Orwell; Eurovision; pentiments before politics; and books

It’s been a busy month since I last posted, so my apologies for the gap.

I have been reading George Orwell’s My Country Right or Left, essays, letters and reviews from the beginning of the Second World War.  In early 1940 he is frustrated that no one (in Britain) seems to take the war seriously. When he bursts into a pub announcing, ‘The German army has just crossed the Rhine,’ the only response after a silence is ‘Parley-voo!’

Zak and I watched the Eurovision Song Contest last weekend, in which Britain deserved to do better. There is too much to discuss about it – who was Russia’s entry singing to in that stomping anthem: Mother Russia? Putin? – so I’ll just say that we deserved to do better, very well done Ukraine and everyone who voted for them, that the  Polish singer looked exactly like Albrecht Dürer in the Munich Self-portrait as Christ, and set aside the politics of Europe for another time. If you’re reading this you might feel as I did last Saturday when I told a lady pamphleting here in the Square, ‘I’m sorry but we just can’t read any more leaflets.’ She was very nice though, and it was about battery hens so I took one. And when I got in Zak said that’s going straight in the recycling.


Dürer, Self-portrait 1500 (c) Alte Pinakotek, Munich

This week my parents and I went to see the Beuckelaer Fish Market in its final stages at the restorers.

RMJM Beuckelaer in studio 180516

There are three other versions of this composition, also signed and dated 1568 but none of them is considered the prime. In the studio I could see there was a smudgy penumbra round the left side of the dish with the carp in it, just below the wharf scene.

RMJM Beuckelear pentiment

This suggests that the artist changed his mind about the placing of the bowl, or maybe which side the swing-handle should go on, which could argue for ours being the prime version.

On my way to London, I read about this fantastic new exhibition at the British Museum Sunken Cities: Treasures from the Deep. Canopus and Thonis-Heracleion were two major cities of the Nile Delta, occupied right up to about 700AD before they were flooded by rising sea-levels. They were then lost until a couple of decades ago. The excavation and rediscovery of these sites, a sort of sunken Venice crossed with Pompeii, has given us a time capsule of life and art (including vast statues!) in Egypt from the Pharaohs through the Greek and Roman occupations to the early middle ages. It’s on until November 27th and it’s a must-see.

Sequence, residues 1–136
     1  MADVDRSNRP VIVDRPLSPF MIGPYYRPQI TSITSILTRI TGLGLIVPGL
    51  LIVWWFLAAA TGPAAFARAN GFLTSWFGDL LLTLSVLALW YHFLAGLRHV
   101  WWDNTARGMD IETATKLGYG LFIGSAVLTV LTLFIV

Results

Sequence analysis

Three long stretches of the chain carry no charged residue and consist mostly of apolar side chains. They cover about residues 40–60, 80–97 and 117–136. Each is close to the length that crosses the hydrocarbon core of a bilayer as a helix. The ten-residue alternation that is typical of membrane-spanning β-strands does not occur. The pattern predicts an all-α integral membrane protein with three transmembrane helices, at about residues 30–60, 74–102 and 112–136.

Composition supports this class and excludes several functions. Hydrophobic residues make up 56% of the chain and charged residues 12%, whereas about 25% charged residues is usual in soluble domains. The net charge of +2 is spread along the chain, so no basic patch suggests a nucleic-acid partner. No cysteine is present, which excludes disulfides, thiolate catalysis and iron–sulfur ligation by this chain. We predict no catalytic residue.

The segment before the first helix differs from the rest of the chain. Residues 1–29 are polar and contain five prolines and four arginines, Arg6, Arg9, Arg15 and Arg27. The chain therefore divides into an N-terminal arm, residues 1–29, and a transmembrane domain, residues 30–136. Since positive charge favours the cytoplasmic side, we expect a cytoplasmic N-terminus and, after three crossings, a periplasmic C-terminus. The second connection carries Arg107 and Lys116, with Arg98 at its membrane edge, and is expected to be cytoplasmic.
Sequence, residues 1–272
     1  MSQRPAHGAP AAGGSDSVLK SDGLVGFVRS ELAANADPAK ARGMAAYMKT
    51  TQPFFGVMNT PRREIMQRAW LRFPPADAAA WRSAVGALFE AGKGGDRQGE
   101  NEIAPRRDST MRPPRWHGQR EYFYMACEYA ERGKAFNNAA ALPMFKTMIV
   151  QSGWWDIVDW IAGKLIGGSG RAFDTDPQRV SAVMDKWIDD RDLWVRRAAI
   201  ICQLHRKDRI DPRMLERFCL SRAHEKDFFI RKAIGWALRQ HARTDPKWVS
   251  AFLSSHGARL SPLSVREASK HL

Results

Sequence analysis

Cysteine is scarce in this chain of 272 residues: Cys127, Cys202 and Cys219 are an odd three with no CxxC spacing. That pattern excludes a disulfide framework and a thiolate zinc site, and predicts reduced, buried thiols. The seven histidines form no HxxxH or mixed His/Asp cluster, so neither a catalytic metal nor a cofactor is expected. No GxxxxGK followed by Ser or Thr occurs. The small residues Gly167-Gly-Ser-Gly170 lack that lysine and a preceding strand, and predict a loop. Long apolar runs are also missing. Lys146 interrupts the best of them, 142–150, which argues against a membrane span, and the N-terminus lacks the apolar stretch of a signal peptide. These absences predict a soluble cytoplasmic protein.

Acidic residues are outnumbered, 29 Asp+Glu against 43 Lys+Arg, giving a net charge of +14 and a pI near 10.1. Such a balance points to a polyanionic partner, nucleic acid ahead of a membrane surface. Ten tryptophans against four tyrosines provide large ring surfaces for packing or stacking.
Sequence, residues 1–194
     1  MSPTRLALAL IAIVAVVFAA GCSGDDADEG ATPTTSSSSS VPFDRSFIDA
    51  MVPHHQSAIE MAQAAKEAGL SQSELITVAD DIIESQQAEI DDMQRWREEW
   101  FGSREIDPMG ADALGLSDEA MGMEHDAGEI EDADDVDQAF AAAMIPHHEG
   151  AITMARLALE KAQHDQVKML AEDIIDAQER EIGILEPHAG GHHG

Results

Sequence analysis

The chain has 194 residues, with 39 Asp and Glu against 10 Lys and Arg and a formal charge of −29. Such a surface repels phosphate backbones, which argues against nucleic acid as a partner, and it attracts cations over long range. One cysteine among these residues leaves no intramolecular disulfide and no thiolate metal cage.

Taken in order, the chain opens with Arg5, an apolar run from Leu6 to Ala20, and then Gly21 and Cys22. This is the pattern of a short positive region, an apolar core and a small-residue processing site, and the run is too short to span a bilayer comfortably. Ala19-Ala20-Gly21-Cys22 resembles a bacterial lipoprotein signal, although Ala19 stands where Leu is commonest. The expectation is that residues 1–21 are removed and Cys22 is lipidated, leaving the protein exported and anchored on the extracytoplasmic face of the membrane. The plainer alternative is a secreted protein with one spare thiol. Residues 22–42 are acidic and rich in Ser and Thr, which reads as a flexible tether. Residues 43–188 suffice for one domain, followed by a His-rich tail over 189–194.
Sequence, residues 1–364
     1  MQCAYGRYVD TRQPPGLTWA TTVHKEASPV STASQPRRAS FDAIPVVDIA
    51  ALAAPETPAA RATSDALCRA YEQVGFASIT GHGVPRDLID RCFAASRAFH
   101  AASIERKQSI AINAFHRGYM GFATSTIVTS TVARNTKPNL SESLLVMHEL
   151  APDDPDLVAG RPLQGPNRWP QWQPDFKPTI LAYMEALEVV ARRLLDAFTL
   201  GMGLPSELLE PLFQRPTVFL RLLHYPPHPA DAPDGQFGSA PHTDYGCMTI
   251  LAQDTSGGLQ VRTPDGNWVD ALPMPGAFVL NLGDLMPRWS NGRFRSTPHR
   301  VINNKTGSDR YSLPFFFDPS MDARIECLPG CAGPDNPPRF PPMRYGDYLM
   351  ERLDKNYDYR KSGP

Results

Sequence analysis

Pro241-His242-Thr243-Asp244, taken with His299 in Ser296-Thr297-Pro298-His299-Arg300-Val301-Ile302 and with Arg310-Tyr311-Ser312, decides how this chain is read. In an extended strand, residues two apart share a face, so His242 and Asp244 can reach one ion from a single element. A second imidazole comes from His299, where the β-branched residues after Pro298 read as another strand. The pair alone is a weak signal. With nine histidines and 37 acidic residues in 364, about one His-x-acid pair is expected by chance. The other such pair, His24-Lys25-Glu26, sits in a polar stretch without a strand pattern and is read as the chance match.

In other news, David Horspool, an old friend from university days, has written a superb book on King Richard III, Richard III a Ruler and his Reputation. The book is vastly researched with a prodigious and thoroughly digested bibliography, but I won’t spoil the ending for those who haven’t read it yet. The author’s judgment and good sense avoid any conclusion for which we do not have evidence, and thanks to this light touch, Dave’s argument is all the more compelling. Both sides in the battle for the King’s soul can agree with him, which is no mean feat.

It is also full of remarkable facts delivered in passing. I hadn’t know that William Caxton was in Bruges at the same time as Louis de Gruythuse, one of the last and greatest patrons of manuscript illumination. It reminded me of an interview I heard with Robert Crumb the cartoonist. At one point he was considering the eclipse of printed books by e-readers. Crumb imagined a 1470s manuscript painter thinking: ‘This printed shit will never catch on.’ I wonder if that’s what Louis de Gruythuse hoped.

Meanwhile, despite all reports of their demise, books go from strength to strength. About the same time as I was reading Richard III, I found a copy of Barbara Tuchman’s The Guns of August in a litter bin on my round at work (brand-new, still with that Waterstone’s smell on it). The Guns of August, is a minutely-timescaled, meticulously researched account of the first month of World War One, chock-full of prime material. I was amazed I’d never heard of it before, an absolute treat. It was curious to read it alongside Richard III because they are so similar, even to the inclusion of laugh-out-loud moments. Tuchman considered herself a popular historian rather than an academic, and it was a badge she wore proudly: she said academics knew their readers would go on reading regardless; she had to make hers want to turn the page. Her preference for building an account on first-hand sources and observations, rather than imposing a doctrinal straightjacket on events, may have seemed revolutionary when The Guns of August was published in 1962, but it is exactly the historical method that my generation was taught at university, and the one that always makes most sense to me. I remember being told it could go too far, though. There was someone – I forget who – celebrated as ‘the man who proved the Civil War never happened.’